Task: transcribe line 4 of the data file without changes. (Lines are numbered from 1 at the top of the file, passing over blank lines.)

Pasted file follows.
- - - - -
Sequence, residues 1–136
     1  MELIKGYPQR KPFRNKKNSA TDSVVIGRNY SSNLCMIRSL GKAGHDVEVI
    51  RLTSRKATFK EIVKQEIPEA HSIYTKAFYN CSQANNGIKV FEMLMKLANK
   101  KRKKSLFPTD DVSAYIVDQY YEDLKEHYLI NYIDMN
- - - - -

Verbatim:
   101  KRKKSLFPTD DVSAYIVDQY YEDLKEHYLI NYIDMN